There are major global ecosystem threats from nitrogen pollution, and one close to home includes the threat to the Great Barrier Reef. Climate change, ocean warming, crown of thorns starfish and acidification are all well understood threats to the Great Barrier Reef, but nutrient pollution is one of the big ones. Corals do not like high nutrient loads, and it is a delicate balance between corals and photosynthetic organisms that allows for the clear tropical reef ecosystem to survive. Disrupting this balance through uncontained nutrient sources along  the coastline is a direct impact from land activities in Australia.

A 400 year clean up job in the Baltic Sea

In the past century there have been a number of marine ecosystem collapses; what ecologists call regime change. This is in large part due to nitrogen loads. The Baltic Sea in the Nordic countries for example, has shifted far away from the once rich cod fishery, to more of a slurry of microalgae and plankton, with some herring for good measure. Fishing down the big fish and adding feed at the bottom of the food chain will do this. At the current rate of nitrogen reduction efforts it will take up to 400 years to reverse the Baltic Sea regime change. It could be done within a century, but efforts to reduce nitrogen loading would need to be quadrupled! Let's be warned about not doing the same thing to other ecosystems.

Nitrogen pollution in the atmosphere

When we add nitrogen into agricultural systems, a lot of the wastage happens in the form of denitrification, or losing nitrogen to the atmosphere. However, in this flow, nitrogen is returned in the form of nitrous oxide; or what we know at the dentist chair as laughing gas. This gas is about 300x worse at warming the atmosphere, and it lasts there for over 100 years. Effectively our agricultural systems are pulling a climate safe gas out of the atmosphere and turning it into a very resistant and effective greenhouse gas that will not go away in our lifetime.

Seaweed to the rescue – again.

Capturing wasted nitrogen streams is what we do at PhycoHealth. We turn digested nitrogen from a crop processing facility back into dissolved nitrogen and capture that from seawater with our seaweed. Effectively, we are more than doubling the food production per nitrogen. Not only that, this nitrogen is no longer converted to nitrous oxide greenhouse gas, AND fertiliser manufacture is not needed to grow this food – a triple whammy effect by choosing seaweed in your diet.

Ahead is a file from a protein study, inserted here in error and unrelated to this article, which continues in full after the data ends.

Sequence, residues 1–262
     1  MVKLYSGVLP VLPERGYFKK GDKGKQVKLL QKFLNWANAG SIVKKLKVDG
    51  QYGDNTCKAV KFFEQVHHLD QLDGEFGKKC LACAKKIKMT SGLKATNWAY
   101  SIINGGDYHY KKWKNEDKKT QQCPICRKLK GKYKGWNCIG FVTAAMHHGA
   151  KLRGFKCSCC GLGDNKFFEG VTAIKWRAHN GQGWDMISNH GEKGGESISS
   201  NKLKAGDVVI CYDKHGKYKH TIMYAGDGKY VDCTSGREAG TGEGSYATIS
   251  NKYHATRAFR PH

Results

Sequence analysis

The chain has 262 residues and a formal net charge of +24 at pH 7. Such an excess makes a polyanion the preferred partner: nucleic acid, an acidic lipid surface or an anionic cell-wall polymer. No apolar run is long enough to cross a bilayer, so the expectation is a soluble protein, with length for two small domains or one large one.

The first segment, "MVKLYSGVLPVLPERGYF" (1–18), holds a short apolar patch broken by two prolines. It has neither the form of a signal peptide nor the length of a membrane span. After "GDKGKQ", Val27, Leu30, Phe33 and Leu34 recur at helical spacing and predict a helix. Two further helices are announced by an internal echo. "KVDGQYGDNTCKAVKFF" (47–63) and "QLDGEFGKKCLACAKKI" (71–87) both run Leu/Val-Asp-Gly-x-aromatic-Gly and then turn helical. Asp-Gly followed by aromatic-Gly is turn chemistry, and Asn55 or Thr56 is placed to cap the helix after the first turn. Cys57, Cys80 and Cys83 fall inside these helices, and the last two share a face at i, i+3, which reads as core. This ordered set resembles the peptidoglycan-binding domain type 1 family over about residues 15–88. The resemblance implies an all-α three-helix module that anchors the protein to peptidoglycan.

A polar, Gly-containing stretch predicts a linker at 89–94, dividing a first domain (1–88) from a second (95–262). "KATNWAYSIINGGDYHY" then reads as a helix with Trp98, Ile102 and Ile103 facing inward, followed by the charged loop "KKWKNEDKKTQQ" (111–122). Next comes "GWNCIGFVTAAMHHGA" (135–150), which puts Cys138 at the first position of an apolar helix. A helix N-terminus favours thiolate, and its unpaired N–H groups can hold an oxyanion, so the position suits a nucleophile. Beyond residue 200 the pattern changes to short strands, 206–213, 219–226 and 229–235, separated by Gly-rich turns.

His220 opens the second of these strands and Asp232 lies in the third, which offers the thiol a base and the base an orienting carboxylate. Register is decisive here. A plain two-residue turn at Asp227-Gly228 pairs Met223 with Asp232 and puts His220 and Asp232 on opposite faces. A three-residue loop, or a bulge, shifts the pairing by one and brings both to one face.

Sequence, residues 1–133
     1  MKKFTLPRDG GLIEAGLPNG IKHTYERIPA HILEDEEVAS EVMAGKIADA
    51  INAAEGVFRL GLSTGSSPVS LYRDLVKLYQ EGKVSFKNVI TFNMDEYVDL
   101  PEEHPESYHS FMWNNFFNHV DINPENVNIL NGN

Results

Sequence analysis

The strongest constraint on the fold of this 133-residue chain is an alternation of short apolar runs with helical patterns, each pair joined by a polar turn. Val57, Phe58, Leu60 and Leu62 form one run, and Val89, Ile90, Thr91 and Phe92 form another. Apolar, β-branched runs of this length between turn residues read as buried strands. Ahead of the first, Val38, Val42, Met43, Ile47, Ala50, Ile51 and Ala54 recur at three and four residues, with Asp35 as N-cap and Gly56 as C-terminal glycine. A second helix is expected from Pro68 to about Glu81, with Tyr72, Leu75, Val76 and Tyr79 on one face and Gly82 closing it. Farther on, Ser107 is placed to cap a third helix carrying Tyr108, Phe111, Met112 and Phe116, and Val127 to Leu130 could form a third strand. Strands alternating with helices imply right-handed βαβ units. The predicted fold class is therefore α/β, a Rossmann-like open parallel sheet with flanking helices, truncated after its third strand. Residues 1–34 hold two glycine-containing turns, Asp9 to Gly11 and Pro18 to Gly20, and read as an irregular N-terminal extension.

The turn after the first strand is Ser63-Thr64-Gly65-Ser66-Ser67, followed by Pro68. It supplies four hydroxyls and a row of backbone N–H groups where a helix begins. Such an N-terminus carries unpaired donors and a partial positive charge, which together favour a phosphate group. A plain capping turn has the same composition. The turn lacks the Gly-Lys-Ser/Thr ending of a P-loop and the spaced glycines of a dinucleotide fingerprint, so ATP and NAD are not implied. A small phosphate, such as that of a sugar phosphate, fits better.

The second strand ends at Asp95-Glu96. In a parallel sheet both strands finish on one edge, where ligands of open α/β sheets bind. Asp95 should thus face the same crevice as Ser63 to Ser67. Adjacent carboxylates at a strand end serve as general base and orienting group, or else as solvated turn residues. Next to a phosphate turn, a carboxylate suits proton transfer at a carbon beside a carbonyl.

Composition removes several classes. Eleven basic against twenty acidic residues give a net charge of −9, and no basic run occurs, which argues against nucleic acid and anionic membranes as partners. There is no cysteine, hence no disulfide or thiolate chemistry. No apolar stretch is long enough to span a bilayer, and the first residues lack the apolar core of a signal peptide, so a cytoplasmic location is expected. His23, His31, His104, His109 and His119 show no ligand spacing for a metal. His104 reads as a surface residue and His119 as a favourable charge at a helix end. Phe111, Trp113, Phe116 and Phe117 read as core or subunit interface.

What other foods are nitrogen efficient?

The simple answer is legumes. Eating beans, peas and lentils doesn’t require a lot of nitrogen fertilizer, because these plants are special in that they can capture nitrogen from the atmosphere. Seaweeds and algae are very efficient nitrogen users, as they can take it up directly into all cells from water. But certain seaweeds are better than others at this, and not all seaweeds can be eaten in high doses. Plant-based diets in general consume far less nitrogen that animal proteins, especially, meat products.

Animal food production uses 50% of the nitrogen produced in the world, but only delivers 17% of the global calories. Meat is a very inefficient form of nitrogen use, and global shifts to increasing plant-based proteins and more efficient capture of wasted animal protein and nitrogen will be important in the future. Once again, this does not mean we need to stop eating meat, we simply don’t need as much as we are currently eating. 

nitrogen and protein in food

What is a nitrogen efficient meal to cook that is healthy and delicious?

For a nitrogen friendly meal, rich in protein, all amino acids, trace elements and Omega-3, I would have to say that Terra Mare Salad with Phukka would be one of the most nitrogen friendly dishes, as featured by Dr. Clare Bailey in her Clever Guts Diet Recipe Book. Good for you gut! Good for your protein! Good for the nitrogen flows on our planet!

Terra Mare Salad with Phukka has chickpeas that can sequester about 120kg of nitrogen per hectare. This means we don’t have to manufacture nitrogen fertilizer to produce it, and it will put nitrogen into the soil for the next round of crops that can’t capture nitrogen from the air. It also has our seaweed which captures lost nitrogen from crop processing and grows on just 2% of the area it would take to grow other crops.

Take a step towards a nitrogen efficient diet with 10% seaweed and get healthy and taste deliciousness at the same time.